Pinched from a thread over on NHBGear.com-- a Q&A directed at Robert Drysdale....
What goes through your head before a competition? From the night before too the second before your match?
Do you stay calm? do you pump yourself up? do you clear your head? or are you thinking about positions?...ect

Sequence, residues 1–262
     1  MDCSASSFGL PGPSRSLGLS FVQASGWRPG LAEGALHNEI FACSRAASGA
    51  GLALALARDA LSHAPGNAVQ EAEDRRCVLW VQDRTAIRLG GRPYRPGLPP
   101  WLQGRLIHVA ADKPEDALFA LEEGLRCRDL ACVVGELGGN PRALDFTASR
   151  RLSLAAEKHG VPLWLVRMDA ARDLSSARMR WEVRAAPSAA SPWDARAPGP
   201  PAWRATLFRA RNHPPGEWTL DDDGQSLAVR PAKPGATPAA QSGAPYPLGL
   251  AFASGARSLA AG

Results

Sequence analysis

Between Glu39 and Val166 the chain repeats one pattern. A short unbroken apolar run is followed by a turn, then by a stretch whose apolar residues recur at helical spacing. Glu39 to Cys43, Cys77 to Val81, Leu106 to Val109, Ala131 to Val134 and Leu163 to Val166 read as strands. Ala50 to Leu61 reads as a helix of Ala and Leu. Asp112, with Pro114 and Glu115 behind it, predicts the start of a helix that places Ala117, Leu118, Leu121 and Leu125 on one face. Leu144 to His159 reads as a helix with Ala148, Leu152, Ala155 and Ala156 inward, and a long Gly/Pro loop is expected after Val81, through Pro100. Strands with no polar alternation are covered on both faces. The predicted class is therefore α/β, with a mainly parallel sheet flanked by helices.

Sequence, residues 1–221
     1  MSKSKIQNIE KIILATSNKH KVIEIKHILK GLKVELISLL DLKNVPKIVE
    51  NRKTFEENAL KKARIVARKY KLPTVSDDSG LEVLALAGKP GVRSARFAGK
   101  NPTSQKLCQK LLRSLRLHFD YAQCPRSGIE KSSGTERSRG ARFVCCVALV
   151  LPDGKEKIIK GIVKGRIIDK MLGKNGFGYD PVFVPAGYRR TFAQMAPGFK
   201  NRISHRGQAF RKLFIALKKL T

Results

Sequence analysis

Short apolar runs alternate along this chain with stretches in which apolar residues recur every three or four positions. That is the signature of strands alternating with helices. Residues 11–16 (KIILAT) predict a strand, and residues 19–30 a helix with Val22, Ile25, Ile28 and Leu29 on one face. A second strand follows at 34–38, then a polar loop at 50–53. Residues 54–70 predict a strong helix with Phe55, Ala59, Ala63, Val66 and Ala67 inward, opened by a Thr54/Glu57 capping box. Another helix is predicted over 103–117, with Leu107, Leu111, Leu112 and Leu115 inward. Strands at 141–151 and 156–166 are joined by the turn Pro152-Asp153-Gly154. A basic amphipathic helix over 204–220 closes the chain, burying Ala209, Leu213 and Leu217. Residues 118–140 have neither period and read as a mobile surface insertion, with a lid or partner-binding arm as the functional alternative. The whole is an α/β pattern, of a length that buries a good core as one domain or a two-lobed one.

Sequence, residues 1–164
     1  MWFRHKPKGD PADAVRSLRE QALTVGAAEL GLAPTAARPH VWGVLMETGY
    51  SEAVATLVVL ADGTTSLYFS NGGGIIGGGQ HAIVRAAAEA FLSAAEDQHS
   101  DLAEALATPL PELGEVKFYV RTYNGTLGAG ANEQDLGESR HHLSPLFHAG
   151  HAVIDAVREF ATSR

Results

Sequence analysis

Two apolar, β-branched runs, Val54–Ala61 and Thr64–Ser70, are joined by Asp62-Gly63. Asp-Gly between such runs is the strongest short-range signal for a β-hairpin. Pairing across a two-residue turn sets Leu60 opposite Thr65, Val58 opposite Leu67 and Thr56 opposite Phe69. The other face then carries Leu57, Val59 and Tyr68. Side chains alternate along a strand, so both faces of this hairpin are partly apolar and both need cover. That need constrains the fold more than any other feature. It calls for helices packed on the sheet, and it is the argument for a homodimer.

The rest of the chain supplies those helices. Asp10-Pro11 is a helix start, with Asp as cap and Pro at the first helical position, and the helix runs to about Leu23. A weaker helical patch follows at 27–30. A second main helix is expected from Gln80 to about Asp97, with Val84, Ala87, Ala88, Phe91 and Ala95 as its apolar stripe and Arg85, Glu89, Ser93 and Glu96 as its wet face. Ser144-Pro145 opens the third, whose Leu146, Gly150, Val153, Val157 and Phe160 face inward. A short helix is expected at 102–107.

Good question and one that I've (and every fighter I know) been struggling with for years. Doubt of your victory is the biggest problem. Try to learn how to control your thoughts. Push the ones related to defeat out of your head and try to picture yourself in winning situations. Doubt is something that will always "try" to trouble you. It's just a matter of you being able to control your own thoughts. It's something you perfect over the years and something everyone who fights struggles with, TRUST ME, everyone, no matter how calm he may seem. This is what's helped me a lot: I try to think of my brain as a computer that's programmed before a fight. Now the key is, what will you program it to do? To win? or to lose? I remember having this incredibly talented student in Brazil that always lost in competition. After talking to him about his thoughts prior to his fights, he told me that he always pictured himself getting tired, finished, his opponent passing his guard or taking him down, etc. So that told me all I needed to know about his problem. His "computer" was being "programmed" the wrong way! It's not as easy as it sounds but, like I said before, you get better at it with time. Call me crazy, but I remember some fights where I've pictured myself winning the match in a certain way and the match going that exact same way I wanted it to go. Before you guys think I'm nuts, I must say I'm the most skeptical person on the planet and believe in none of that "The secret" best-seller book. My explanation for it is that your reactions in the fight will happen in accordance with your thoughts. It is as if you would not hesitate when that moment came, because you've already done it a million times in your head before. I'm not sure the brain really knows the difference between "visualizing" and "executing".